You had to be just as rough with allies to soften them up, Trump argued. Yes, he’d rejected a request to meet with the leader of a longtime American partner, Canadian Prime Minister Justin Trudeau, during this year’s UN General Assembly. But that was because Canada’s “tariffs [on U.S. goods] are too high,” and Trudeau would at some point see the error of his ways. “Canada will come along,” Trump said. “Now, if Canada doesn’t make a deal with us, we’re going to make a much better deal. We’re going to tax the cars that come in. We will put billions and billions of dollars into our Treasury. And frankly, we’ll be very happy because it’s actually more money than you can make under any circumstance with making a deal.”
And yes, the United States had appeared isolated from its European allies and other world powers at the United Nations over its withdrawal from the multinational Iran nuclear deal. But it “doesn’t matter what world leaders think on Iran,” Trump asserted. “Iran’s going to come back to me, and they’re going to make a good deal, I think. Maybe not. Deals, you never know. But they’re suffering greatly” from reimposed sanctions. (At a press conference earlier in the day, Iranian President Hassan Rouhani had drawn the opposite conclusion, predicting that the United States would “sooner or later … come back” to the Iran deal.)
It’s Trump versus everyone else on Iran at the UN.
In fact, the suffering—whether in China and Canada from tariffs, or in Iran and North Korea from sanctions and threats of military force—was the very point. Trump suggested that the pain these countries are enduring demonstrates that his policies are working. The Iranians “have rampant inflation,” Trump observed. “Their money is worthless. Everything is going wrong. They have riots in the street. You can’t buy bread. You can’t do anything. It’s a disaster … At some point … they’re going to say, ‘Hey, can we do something?’” He applied a similar calculus to trade: China is “having big problems” economically, Trump noted. “I don’t want them to have problems, but they have to make a fair deal, just like Canada has to make a fair deal.”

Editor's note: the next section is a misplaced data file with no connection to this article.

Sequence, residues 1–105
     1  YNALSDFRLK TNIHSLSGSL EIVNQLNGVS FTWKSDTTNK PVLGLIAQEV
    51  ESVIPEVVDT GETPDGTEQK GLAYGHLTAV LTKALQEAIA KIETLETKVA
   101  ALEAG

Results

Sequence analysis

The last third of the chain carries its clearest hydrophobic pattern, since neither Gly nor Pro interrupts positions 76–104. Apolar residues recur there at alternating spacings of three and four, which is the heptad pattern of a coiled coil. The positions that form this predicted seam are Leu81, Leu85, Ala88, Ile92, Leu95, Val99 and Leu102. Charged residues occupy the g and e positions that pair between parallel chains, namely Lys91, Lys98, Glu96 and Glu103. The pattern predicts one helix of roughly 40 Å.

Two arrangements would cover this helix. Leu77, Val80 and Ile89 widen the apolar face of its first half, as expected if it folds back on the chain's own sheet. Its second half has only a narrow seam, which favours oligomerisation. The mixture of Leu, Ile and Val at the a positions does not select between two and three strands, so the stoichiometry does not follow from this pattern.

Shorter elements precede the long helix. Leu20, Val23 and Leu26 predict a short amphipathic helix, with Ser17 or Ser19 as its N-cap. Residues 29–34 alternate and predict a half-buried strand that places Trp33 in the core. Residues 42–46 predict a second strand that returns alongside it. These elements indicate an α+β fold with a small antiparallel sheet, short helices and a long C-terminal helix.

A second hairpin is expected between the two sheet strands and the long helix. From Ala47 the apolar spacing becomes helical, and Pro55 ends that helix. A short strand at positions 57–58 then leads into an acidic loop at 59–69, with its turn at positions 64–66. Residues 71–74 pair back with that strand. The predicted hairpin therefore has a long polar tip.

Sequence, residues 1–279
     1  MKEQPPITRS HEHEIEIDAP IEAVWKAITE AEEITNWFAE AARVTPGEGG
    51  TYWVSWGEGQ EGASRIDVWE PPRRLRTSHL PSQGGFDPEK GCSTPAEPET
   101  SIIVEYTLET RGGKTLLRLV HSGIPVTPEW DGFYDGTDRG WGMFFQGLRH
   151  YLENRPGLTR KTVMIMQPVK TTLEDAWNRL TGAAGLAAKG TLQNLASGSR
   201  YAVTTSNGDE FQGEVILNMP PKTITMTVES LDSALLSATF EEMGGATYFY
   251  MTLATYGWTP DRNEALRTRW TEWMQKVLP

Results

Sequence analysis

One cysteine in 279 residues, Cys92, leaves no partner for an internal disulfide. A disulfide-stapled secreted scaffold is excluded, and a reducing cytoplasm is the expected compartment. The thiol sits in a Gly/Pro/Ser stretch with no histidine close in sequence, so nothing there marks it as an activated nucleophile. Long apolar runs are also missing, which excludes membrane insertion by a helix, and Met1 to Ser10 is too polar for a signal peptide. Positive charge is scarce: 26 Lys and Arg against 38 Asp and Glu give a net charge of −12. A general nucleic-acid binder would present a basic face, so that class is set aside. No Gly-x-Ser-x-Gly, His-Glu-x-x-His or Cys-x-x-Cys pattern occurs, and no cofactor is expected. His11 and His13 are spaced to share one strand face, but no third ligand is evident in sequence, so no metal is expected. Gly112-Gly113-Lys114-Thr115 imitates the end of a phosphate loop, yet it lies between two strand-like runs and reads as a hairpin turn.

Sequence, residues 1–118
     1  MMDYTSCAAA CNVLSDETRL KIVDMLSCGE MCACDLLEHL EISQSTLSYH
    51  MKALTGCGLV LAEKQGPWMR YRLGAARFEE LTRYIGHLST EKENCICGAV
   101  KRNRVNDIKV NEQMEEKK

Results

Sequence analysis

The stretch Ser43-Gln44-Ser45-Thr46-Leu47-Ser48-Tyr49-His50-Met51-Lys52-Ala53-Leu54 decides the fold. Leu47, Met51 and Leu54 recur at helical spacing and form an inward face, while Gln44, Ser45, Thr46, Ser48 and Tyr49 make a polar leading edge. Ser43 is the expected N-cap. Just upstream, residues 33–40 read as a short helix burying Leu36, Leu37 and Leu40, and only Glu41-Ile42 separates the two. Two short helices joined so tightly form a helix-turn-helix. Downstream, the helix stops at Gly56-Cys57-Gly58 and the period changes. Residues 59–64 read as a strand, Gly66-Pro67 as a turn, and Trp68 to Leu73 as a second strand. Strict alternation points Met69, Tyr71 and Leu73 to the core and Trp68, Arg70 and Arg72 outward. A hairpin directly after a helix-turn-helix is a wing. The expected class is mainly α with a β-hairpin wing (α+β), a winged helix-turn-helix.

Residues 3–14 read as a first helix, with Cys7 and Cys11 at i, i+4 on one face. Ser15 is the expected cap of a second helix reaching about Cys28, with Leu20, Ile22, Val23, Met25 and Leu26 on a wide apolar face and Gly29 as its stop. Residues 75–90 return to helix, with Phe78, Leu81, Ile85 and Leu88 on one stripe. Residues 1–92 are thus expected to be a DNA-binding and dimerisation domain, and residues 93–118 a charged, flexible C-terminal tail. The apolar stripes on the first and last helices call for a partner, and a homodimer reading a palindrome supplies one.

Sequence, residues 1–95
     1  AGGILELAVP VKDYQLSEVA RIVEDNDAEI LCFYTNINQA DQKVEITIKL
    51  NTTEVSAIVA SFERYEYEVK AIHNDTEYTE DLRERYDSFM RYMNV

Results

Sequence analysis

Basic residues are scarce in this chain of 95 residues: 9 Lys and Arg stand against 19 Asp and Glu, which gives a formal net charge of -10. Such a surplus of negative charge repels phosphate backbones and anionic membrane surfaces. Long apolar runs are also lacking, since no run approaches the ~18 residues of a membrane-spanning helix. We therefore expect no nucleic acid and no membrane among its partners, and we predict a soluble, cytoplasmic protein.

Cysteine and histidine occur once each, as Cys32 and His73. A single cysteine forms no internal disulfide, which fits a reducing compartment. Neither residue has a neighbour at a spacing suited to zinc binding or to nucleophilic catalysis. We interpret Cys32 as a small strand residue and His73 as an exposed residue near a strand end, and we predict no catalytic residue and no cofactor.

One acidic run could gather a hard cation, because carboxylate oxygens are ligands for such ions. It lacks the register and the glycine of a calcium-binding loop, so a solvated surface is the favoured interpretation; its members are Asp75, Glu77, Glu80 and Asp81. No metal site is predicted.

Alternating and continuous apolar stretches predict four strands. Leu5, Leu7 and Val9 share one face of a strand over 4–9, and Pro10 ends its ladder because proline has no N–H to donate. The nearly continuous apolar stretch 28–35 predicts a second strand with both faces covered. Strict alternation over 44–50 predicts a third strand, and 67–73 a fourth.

It’s an apt approach for a man who tends to characterize countries as neither adversaries nor allies but ruthless, self-interested actors whose gains come at America’s loss. In such a rough-and-tumble world, the United States must be just as ruthless and self-interested. “I love Canada … I have so many friends” there, Trump said at one point. “But that has nothing to do with this; I’m representing the United States,” and Canada has treated American farmers “very badly.” As for China, “Everything’s always been, for 20 years, ‘Oh, China is so great’ … I love China. I think they’re great. But you don’t hear that so much anymore. You know who’s great now? We’re great now.”